By Chris Bayee
Anaheim Jr. Ducks player Dominique Petrie moved one step closer to crossing off one of the goals on her list this past week.
Petrie, who has played the past five seasons for the Jr. Ducks’ 2001 birth year team, made the U.S. Women’s Under-18 Select Team that played a three-game exhibition series vs. Canada on Aug. 18-21.
|Petrie (right) and Barnes were teammates on the U.S. Women's Under-18 Select Team that played a three-game exhibition series against Canada from Aug. 18-21. |
That U18 team was captained by former Jr. Duck and Lady Duck Cayla Barnes, a ’99 who was selected the best defenseman at the U18 Women’s World Championships earlier this year. Barnes won her second consecutive gold at the U18 worlds and undoubtedly will make the team a third time.
That three-peat is one of Petrie’s goals, too, and goal-setting is something she takes very seriously.
“I’ve written my goals down,” she said. “I want to make the U18 National team three times, so the first year I would be an under-ager on it.
“Next, I want to play NCAA Division I hockey. Third, I want to play in the Olympics.
Knowing what you want and going for it will help you get there.”
Petrie would be in good company if she accomplishes that. Barnes, a Boston College commit who was selected the captain of the U18 Select team, joined Petrie at the recently held U.S. Women’s National Festival in Lake Placid, N.Y.
Also in the mix at the national festival was former Lady Duck Annie Pankowski, who finished her sophomore season at the University of Wisconsin as one of NCAA Division I’s top scorers. Pankowski, a member of the U.S. Women’s National Team that won gold in the World Championships this spring, was selected the captain of the U22 Select team.
Petrie’s ascent in the women’s hockey world after playing boys hockey growing up (she will continue on the Jr. Ducks Midget 15U AAA this season) doesn’t come as a surprise to her longtime Jr. Ducks coach Craig Johnson, who is also the club’s director of coaches.
“She wasn’t just a contributor, but a big contributor for us,” Johnson said. “She plays center and she’s a 200-foot center. She plays defense, plays offense, scores goals with speed.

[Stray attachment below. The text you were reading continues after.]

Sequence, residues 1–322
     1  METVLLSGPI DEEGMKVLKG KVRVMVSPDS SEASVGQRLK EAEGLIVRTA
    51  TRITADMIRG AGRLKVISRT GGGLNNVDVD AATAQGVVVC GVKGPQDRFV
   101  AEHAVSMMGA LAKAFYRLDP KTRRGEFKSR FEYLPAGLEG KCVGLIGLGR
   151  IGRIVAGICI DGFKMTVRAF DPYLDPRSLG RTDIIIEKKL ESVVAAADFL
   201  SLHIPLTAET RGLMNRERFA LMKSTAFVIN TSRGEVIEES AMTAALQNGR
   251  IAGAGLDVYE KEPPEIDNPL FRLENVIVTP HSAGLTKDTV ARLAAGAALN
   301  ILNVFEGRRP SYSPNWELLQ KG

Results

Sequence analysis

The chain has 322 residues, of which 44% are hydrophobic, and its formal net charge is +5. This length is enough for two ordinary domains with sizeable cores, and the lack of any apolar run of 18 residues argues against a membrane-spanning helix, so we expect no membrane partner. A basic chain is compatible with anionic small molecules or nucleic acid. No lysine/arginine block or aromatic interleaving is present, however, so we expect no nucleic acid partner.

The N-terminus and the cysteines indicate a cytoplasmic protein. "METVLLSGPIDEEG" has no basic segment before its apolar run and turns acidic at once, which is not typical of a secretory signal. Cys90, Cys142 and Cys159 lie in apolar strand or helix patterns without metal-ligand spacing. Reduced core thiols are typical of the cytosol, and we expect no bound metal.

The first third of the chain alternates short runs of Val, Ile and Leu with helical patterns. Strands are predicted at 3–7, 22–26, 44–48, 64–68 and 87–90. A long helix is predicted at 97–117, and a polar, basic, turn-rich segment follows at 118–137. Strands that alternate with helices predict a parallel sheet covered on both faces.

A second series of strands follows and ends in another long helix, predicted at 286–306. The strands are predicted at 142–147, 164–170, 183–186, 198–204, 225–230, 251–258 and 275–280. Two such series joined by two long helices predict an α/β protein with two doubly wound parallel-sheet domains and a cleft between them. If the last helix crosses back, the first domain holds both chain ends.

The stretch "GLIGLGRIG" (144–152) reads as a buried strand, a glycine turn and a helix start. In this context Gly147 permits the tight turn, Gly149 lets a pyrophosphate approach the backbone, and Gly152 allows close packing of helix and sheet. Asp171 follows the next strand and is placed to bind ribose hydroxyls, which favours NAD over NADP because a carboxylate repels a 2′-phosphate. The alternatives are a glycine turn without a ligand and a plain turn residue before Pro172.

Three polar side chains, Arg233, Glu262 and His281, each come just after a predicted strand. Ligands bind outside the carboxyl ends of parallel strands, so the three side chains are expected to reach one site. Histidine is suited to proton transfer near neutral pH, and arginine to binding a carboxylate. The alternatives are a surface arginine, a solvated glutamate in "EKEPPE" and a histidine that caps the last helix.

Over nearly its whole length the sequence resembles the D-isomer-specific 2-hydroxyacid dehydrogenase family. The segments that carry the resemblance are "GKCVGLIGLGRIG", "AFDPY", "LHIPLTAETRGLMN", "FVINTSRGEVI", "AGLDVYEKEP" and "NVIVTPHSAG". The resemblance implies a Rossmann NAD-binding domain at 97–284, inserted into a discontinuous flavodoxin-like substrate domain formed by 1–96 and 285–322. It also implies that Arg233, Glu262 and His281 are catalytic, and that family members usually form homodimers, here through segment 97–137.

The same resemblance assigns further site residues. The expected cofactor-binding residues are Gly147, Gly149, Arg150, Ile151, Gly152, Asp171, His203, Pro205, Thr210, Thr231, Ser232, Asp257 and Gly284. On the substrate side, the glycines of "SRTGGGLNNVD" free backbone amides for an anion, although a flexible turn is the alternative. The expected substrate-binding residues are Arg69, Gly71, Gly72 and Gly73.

“Her big strength is her skating.”
But it’s far from her only one, Johnson added.
“She works her butt off every day in dry land. She’s one of our hardest workers,” he said. “She’s a pleasure to coach, she listens, applies what she learns and works hard. She’s a great person, too.”
Petrie got hooked on hockey after her older brother Guy did as a youth in the Bay Area. One trip to an NHL game with his father David planted a seed in Guy to play, and once his parents relented to his persistent requests to play youth hockey, his younger sister wasn’t far behind.
“I had to try everything he did and follow in his footsteps,” Dominique said.
Guy made the California Brick team and played several years of AAA hockey in Southern California after the family moved to the Los Angeles area. He’s now playing club hockey at the University of Utah.
Dominique continued playing boys hockey after the move and never stopped.
“I never struggled with the physicality or being a step behind,” she said. “I had good coaches and teammates.
“My development is due to playing with a good team these past five years and us playing against premier competition around the nation.”
She said the benefits of playing on the Jr. Ducks for Johnson and fellow ex-NHLer Scott Niedermayer have been innumerable.
“You learn so much from Craig and Scott. A lot of other coaches haven’t played at that high of level,” Petri said. “They’ve given me so much insight. They’re never ever pushy, it’s always, ‘Why don’t you try this?’ That went a long way toward my development and helped me on and off the ice.”
Johnson said Petrie has been an asset to the team, and the organization.
“She plays center and she’s a 200-foot center – defense, offense, scoring goals with speed. We had a defenseman get hurt near the end of last season and she stepped in and played defense and did a great job.
“She’s very well respected by the boys. There is no issue with her being on the team. Nobody ever complained. She’s just a hockey player. The guys liked her, and she fit in. Everyone included her in activities. That says a lot about her.
“She’s going to have some college options for sure because she’s so dedicated.”